Detroit zoning board blocks plan for proposed cemetery on golf course site
Detroit – – The city’s zoning board on Tuesday denied an appeal by a group that purchased the former Rogell Golf Course on Detroit’s far west side with plans to turn it into a cemetery.
The board, in a 7-0 vote, decided not to reverse an earlier decision that would have paved the way for the Detroit Memorial Park Association to construct a cemetery. Two members abstained.
Attorney Rick Juckniess, who represents the Detroit Memorial Park Association, said the group is expected to appeal after it reviews the written denial. Juckniess said the board erred when it decided the land is intended for recreational use and could not be used for a cemetery.
Juckniess disagrees, saying site is now vacant and open. That means it qualifies to be used as a cemetery, he said.
“I am surprised the zoning board seemed uncertain as to what to address and refused to engage in respect to the legal requirements,” Juckniess said. “The principal reason for the denial is under the master plan this is designated as recreational land, but none of them could answer the question where that appears in the law.”
Tuesday’s decision is the latest step in the controversial deal at the golf course site on Seven Mile near Berg. The Board of Zoning Appeals heard testimony for more than six hours on the land request.
More than a dozen community members argued their neighborhood will be harmed if the cemetery plan was approved.
“I bought my house on a golf course. I do not want to live on a cemetery,” said Amanda Rossman, who lives near what’s now the former 13th hole of the course.
“It’s just really that simple to me.”
Earlier this year, the city’s Buildings, Safety Engineering & Environmental Department denied the request, saying converting 117 acres of recreational property “would not be in the best interest of the city.” Among the concerns were diminishing property values and increasing traffic.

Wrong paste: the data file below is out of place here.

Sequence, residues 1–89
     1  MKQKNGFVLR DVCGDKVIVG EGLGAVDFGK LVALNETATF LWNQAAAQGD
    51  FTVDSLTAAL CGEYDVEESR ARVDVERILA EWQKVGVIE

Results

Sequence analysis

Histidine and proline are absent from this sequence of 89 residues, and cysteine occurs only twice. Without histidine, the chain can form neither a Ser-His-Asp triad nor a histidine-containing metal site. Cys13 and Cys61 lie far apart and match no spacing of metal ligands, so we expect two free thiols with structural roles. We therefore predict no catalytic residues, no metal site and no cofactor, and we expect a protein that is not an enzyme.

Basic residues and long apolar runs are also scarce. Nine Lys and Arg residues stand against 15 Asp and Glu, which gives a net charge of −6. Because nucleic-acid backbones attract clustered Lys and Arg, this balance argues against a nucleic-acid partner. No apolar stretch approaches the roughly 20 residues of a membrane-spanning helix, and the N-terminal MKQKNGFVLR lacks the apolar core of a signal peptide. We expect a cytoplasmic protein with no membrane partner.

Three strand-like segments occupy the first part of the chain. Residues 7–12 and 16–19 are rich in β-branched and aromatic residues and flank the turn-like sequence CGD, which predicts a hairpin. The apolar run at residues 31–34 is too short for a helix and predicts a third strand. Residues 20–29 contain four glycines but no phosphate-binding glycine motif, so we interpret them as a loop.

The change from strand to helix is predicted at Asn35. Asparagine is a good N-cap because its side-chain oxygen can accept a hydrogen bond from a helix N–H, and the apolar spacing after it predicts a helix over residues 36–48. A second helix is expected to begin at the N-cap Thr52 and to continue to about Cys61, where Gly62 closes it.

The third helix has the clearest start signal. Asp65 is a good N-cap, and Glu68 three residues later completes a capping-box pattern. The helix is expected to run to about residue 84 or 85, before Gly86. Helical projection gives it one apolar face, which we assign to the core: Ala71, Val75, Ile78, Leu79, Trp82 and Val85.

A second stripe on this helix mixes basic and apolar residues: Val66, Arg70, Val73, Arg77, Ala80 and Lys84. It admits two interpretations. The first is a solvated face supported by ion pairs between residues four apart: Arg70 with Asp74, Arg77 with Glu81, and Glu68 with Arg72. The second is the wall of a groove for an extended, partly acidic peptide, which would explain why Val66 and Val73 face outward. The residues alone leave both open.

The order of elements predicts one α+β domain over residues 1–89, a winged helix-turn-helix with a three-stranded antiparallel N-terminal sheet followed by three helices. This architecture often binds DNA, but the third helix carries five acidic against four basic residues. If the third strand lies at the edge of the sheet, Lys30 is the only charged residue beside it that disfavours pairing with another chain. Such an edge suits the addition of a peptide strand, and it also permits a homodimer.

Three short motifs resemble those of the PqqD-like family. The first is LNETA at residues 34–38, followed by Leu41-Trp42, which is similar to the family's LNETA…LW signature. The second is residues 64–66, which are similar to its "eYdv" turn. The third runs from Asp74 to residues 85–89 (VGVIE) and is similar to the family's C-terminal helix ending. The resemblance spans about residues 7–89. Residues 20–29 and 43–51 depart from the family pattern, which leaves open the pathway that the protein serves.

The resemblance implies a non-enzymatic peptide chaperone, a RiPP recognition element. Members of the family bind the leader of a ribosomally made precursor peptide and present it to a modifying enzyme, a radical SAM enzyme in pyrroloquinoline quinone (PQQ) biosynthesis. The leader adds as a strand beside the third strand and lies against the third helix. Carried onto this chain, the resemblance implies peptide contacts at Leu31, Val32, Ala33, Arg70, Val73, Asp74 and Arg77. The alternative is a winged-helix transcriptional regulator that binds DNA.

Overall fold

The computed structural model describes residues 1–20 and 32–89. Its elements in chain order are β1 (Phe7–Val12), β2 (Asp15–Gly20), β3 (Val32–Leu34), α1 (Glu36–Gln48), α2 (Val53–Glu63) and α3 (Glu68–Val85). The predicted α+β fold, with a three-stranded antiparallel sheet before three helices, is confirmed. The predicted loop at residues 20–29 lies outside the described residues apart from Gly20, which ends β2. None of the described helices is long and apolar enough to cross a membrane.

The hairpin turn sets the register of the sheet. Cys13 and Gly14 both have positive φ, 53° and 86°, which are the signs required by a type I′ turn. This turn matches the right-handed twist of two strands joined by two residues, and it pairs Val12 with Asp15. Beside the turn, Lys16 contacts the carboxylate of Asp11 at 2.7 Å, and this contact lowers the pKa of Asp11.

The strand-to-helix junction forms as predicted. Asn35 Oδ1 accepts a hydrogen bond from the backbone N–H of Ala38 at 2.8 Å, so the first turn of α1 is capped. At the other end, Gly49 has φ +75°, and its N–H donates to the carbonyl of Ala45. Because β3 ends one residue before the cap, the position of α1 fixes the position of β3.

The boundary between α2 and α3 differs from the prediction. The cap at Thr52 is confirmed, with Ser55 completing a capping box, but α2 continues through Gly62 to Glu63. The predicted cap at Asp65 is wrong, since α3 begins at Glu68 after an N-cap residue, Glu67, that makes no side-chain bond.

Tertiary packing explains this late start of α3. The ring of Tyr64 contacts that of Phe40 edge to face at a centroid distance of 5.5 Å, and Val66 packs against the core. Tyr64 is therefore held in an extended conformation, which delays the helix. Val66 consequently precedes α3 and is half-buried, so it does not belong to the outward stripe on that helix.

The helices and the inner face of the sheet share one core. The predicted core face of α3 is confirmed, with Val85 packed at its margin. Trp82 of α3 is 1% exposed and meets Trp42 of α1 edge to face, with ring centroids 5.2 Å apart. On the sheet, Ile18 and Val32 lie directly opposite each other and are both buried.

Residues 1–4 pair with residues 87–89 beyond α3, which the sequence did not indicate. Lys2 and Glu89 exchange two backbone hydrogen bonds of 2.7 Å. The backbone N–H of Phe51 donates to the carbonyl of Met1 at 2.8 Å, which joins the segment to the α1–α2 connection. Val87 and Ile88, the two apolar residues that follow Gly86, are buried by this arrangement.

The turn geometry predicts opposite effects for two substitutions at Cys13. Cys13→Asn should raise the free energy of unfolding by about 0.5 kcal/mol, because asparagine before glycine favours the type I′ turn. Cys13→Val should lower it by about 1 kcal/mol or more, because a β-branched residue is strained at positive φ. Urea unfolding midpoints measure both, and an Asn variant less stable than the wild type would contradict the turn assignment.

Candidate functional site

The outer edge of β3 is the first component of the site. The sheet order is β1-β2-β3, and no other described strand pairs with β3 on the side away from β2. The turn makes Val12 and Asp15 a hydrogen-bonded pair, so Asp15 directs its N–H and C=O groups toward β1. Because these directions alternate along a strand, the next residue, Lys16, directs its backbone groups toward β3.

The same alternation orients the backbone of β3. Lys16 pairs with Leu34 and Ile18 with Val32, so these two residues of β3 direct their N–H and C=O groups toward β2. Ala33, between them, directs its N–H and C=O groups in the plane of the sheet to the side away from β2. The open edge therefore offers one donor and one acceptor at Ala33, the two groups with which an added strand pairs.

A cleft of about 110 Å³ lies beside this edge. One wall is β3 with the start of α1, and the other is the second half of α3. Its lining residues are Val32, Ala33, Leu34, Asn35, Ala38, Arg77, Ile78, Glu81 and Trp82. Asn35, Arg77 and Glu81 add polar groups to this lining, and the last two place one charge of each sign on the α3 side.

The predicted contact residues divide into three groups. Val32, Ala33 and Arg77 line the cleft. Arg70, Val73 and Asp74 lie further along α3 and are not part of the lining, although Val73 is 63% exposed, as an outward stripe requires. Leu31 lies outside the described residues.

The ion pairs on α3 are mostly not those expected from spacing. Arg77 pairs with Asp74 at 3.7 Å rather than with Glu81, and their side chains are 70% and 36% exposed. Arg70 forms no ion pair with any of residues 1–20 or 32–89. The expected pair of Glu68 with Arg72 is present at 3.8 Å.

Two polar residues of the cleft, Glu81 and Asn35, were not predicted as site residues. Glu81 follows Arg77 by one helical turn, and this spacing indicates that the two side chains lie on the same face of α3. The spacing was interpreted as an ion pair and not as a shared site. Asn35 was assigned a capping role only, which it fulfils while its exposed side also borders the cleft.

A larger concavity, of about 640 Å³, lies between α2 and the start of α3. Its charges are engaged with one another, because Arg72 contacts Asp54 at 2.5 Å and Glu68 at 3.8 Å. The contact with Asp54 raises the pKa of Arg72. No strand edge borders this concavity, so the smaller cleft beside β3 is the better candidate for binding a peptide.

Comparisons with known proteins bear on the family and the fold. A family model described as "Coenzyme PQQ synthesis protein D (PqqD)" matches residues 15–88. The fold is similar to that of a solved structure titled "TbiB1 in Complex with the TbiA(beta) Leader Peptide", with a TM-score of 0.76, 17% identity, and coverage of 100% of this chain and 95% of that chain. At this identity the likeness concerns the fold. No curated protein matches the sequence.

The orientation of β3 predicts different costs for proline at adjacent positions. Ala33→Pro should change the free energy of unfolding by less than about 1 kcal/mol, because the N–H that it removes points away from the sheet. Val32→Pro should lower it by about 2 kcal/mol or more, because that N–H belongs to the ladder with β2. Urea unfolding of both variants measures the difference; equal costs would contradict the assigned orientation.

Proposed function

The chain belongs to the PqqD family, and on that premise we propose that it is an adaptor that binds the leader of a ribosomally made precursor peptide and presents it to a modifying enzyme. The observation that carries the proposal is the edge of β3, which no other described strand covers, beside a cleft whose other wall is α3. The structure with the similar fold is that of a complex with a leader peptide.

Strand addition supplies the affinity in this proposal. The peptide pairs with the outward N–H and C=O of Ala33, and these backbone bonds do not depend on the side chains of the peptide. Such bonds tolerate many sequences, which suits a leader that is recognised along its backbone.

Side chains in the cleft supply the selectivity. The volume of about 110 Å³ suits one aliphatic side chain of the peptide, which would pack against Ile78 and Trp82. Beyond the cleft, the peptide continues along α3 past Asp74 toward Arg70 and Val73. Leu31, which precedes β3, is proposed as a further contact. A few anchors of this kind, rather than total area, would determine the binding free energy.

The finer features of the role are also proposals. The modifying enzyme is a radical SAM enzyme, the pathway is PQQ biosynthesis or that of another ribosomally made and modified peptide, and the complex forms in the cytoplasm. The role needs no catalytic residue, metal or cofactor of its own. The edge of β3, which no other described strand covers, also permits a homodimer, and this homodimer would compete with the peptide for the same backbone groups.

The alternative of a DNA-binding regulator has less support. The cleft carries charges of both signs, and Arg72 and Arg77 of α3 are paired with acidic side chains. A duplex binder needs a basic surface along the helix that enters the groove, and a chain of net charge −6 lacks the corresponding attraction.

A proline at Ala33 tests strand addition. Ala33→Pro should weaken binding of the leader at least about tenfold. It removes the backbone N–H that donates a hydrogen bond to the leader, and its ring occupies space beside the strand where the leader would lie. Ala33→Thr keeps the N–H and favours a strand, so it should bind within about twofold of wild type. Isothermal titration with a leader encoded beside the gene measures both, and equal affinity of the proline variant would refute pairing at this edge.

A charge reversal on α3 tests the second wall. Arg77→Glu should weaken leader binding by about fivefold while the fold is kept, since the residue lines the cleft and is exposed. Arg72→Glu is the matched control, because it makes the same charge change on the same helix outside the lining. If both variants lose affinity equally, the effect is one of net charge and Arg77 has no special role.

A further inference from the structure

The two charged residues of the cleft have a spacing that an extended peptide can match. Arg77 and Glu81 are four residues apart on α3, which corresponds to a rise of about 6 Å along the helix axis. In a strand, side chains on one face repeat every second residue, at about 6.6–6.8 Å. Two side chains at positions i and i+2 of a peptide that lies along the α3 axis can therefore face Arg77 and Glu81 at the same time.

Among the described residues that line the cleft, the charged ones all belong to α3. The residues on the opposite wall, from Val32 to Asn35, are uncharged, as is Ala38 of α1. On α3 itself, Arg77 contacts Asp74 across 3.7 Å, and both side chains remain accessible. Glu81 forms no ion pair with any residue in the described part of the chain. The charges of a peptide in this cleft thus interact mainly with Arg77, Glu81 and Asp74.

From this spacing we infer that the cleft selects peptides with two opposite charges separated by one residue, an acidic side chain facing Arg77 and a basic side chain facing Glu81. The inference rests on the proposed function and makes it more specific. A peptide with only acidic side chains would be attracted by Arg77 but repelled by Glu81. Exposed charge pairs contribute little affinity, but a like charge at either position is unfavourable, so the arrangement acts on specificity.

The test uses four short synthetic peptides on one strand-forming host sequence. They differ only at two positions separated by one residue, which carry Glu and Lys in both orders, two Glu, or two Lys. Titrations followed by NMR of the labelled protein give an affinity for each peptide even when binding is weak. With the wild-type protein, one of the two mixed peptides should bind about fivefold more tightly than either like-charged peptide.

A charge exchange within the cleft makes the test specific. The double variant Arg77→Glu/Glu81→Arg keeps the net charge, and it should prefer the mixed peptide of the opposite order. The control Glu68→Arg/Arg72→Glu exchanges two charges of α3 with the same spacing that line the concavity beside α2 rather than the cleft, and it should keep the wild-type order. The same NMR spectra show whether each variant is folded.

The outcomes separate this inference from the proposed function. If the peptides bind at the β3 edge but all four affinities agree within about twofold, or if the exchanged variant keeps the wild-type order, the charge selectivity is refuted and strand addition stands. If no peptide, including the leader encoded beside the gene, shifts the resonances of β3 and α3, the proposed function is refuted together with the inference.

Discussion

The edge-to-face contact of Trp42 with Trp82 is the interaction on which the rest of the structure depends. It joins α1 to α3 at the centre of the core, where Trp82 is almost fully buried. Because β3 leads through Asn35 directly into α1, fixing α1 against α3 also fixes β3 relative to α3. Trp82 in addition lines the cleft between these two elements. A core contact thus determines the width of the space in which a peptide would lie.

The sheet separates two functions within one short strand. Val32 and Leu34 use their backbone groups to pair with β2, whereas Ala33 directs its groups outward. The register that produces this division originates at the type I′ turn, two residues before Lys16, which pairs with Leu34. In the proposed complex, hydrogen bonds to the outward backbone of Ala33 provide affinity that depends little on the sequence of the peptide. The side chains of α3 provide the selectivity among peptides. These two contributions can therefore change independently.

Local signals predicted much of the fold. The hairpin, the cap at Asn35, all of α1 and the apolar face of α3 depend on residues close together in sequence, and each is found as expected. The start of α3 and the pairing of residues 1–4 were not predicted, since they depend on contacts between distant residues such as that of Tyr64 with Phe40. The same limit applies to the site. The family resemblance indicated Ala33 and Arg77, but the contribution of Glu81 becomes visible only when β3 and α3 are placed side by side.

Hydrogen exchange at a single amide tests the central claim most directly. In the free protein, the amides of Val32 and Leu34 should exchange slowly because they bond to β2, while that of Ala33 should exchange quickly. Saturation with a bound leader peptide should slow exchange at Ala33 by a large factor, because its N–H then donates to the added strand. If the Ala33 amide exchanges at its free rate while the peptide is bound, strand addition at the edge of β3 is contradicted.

In 2013, the Detroit Memorial Park Association struck a deal with Greater Grace Temple to purchase 120 acres at the golf course site.
The facility on the city's far northwest side has been closed since May 2013. The purchase is contingent on having the zoning request approved.
The group was seeking a special land use permit to turn the grounds into a cemetery built in seven phases. All burial sites were to be located east of Berg Road. The area is zoned as residential.
City Clerk Janice Winfrey appeared before the board, not in her official capacity but as a member of the church. She called for the panel to approve the petition.
“The fact is the church owns the property, we have a buyer (and) we can no longer support the property,” Winfrey said. “I say let’s move forward. I say if we have someone who can afford it and is willing to purchase it, let’s do it so that we do not have to walk by and live in blight daily.”
Built in 1914, Rogell became the first African-American-owned golf course in the state and one of six in the country when Greater Grace bought it in 2007 for $2.5 million.